Whisky Magazine Issue 99
This article is 3 years old and some information provided may be time sensitive. Please check all details of events, tours, opening times and other information before travelling or making arrangements.
Copyright Whisky Magazine © 1999-2014. All rights reserved. To use or reproduce part or all of this article please contact us for details of how you can do so legally.
Dave Broom profiles three different companies.
The alt whiskey pioneer
Darek Bell, Corsair Distillery, Tennessee/Kentucky
Bell founded Corsair in 2007 and now runs two distilleries: one in Nashville, TN, the other in Bowling Green, KY. While his story is fairly typical for most of the craft distillers, his evolution as a distiller since taking the plunge is more radical than most. Bell isn't just making whiskey, he's pioneering what he, accurately, calls Alt Whiskies. For him, the freedom to experiment has resulted in an open-minded view of what whiskey could be, but we jump ahead.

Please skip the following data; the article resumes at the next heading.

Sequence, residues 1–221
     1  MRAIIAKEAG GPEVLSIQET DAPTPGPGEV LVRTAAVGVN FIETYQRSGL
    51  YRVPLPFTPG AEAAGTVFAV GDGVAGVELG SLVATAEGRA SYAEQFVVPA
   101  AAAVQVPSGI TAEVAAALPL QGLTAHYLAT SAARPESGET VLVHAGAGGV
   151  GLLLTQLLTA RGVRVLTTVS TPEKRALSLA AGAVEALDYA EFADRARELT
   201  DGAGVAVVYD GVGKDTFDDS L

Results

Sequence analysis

After five years of home-brewing beer, wine and sake, he met a chap who called himself an ‘underground urban moonshiner' who was making absinthe in NYC. Bell caught the distilling bug and once back in Tennessee began producing bio-diesel.
“One day my now business partner Andrew said to me while sweating over a batch, ‘I wish we were making whiskey instead of biodiesel'. From that day on we only made whiskey.” Not any old whiskey however. His new book, Alt Whiskies, is the result of him asking the ‘what if?' question and reports back on his experiments with different grains: oatmeal, spelt, quinoa, Job's tears; using different woods for smoking the grain: cherry, breech, mesquite, alder, sassafras, kiawe: techniques for distilling beers; and using Carterhead stills to add infusions of camomile, huckleberry.
“Whiskey-making is extremely traditional,” he says. “Most distillers don't take risks. We've taken an attitude of i...